As for Star Trek: never been a fan, but you probably are.

I am convinced that one day, hundreds of years from now, Star Wars will be a religion. Star Trek may spawn a political system, and perhaps the Doctor Who chronicles will be used as a theory of workplace dynamics and psychology. That's how important these story lines are to people -- many of us have found that they have worked their way into our daily lives. It's more than buying a TARDIS pencil holder or having Mark Hamill sign your still originally packaged Kenner lightsabre at ComicConExtravaRama. It's wondering how Rose Tyler would react to something, or really understanding why Han Solo replied, "I know."

Would it be silly to spend science time on sci-fi? Two answers: 1) Physicists are studying dark matter, or stuff that exists but cannot be seen around all the stuff that is visible. Doesn't that sound like sci-fi? and 2) Science and religion have always been traveling companions, but religion, some believe, is fading as a source of inspiration or explanation for people. Other stories and ways of thought are becoming central to our lives and maybe deserve more respect and attention.

One more thing: theories of sci-fi have posited that the seemingly outrageous thinking involved in creating alien races and whole other galaxies actually help human people reason through our earth-bound problems. Big, crazy thinking has a place. What scientists can learn from those who have created our beloved fantasy franchises is how to tell stories that allow us to conceptualize larger questions. We can keep things in their separate good/evil-colored bowls, or we can learn that our heroes are related to our enemies.

We can try to get our minds around time as an equation:

or we can have fictional characters 
       who we often love more than real humans 

inspire us to think about our place in the universe.

Thursday, January 16, 2014

Meet George Jetson. And His Kindle.

I could not let 2013 end without catching up on 2011's big trend -- I finally read an e-book on a tablet (a Verizon with Android and a Kindle app, if you care). Until last December, many people have expressed surprise that I work in a library yet did not own a tablet or read e-books.

Except for the snow, this in no way resembled my first experience 
with an e-book. Thanks to the awesome site Paleofuture for the image.

It certainly wasn't any lingering devotion to paper. For the past few years I have been trying valiantly to replace jottings with typings, to store statements and documents with the companies they belong and/or have them emailed to me, and to move my calendar online. It was more that dead trees worked just fine for me. And since I work in a library, I can either practically reach out a grab a book or reserve it with a few clicks.

But on Black Friday, my husband scored a tablet for 99 cents (some restrictions applied). I was hooked very quickly. For the first month I was mostly using it for Very Important Business like Words With Friends and Pinterest. During my holiday break from work, however, I decided to take it to the next level and read an e-book.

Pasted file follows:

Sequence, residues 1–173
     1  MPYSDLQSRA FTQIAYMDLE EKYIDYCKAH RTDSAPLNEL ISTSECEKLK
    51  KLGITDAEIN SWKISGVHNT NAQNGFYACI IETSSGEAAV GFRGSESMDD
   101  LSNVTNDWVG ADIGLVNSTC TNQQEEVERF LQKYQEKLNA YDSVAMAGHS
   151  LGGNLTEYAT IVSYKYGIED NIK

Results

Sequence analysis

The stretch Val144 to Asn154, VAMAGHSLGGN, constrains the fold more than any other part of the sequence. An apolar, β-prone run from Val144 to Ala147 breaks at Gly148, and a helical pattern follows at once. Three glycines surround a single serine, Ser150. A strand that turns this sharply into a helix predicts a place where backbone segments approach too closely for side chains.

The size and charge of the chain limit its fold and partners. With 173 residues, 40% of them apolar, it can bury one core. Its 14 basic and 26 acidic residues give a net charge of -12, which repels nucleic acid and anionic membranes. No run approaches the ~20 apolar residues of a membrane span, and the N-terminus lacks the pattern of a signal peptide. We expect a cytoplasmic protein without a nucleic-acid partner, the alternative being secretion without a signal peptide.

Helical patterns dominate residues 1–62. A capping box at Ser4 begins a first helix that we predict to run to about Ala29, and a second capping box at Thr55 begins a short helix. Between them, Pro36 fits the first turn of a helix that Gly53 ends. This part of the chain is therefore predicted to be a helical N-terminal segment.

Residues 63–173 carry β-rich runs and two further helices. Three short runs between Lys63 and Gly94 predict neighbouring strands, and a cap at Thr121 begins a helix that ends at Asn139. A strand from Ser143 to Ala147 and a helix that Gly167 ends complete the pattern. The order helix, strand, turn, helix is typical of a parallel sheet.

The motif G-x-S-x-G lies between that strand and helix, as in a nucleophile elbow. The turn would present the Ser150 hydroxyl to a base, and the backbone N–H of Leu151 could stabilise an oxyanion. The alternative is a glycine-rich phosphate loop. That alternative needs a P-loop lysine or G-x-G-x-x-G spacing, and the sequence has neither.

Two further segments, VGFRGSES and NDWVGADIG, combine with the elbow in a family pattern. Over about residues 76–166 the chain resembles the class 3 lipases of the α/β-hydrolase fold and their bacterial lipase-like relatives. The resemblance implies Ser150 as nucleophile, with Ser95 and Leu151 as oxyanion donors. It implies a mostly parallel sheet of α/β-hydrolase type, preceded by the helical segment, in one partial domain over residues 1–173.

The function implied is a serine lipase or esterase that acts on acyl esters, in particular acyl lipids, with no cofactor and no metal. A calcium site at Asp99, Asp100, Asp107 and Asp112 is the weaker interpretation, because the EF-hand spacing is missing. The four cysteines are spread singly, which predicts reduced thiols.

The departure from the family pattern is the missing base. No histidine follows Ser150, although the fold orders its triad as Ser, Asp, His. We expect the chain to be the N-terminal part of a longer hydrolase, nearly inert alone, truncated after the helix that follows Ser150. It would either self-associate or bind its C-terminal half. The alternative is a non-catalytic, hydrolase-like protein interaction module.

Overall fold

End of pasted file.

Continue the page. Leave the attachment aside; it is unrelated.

And I picked a doozy: 1Q84 by Haruki Murakami. It's one of those epics where the author seems to sweep his arm over the world and dump it all into his pillow case. The book features a blockbuster novel with a mysterious author, shadowy otherworlds, a cult, elaborate revenge plots against rapists, and a lot of people following each other and meeting in cafes. I still am not sure what happened, but I do know that reading it on my tablet was no different than reading it in paper form. I still got a cramp in my arm from holding the thing, I could still monitor my progress (with a percentage read down in the corner instead of a bookmark), and I could even still "turn" the "page." Without a papercut. The novel was complex, beautiful, sometimes unbelievable, but it was still a novel.

When I was at a library conference at Navy Pier last year, I got lost (Navy Pier is looooong) and spoke briefly with a tourist couple who were also lost. When they found out what I was doing there, they both said to me, "Tell the librarians to keep books. We still want books, not just e-books."

I assured them that librarians are on their side, but are also trying to offer many formats for many different readers. Still, people seem to get afraid that technology will soon render their world unrecognizable. Predicting the future -- down to the most mundane gadgets and daily tasks -- used to be something we did with excited anticipation. Now, no one likes to imagine how we will be traveling, eating, or reading in 2125. This will save us from looking silly when most of our predictions don't materialize, but it also often makes us react negatively to things that can actually be helpful.

I will still read paper books, but I will also now read e-books. Neither are going away, and I make the choice based on what my needs are. I think if, looking form 1930, we could have seen all of our options for reading, we would have been happy to look forward.

Monday, December 16, 2013

Away With Part of Your Manger

Bike helmets. Thai restaurants in strip malls. Nativities without the Baby Jesus before Christmas.

These are all things that could have been commonplace when I grew up but weren't, but are now. No surprise considering the date: I am wondering about the third.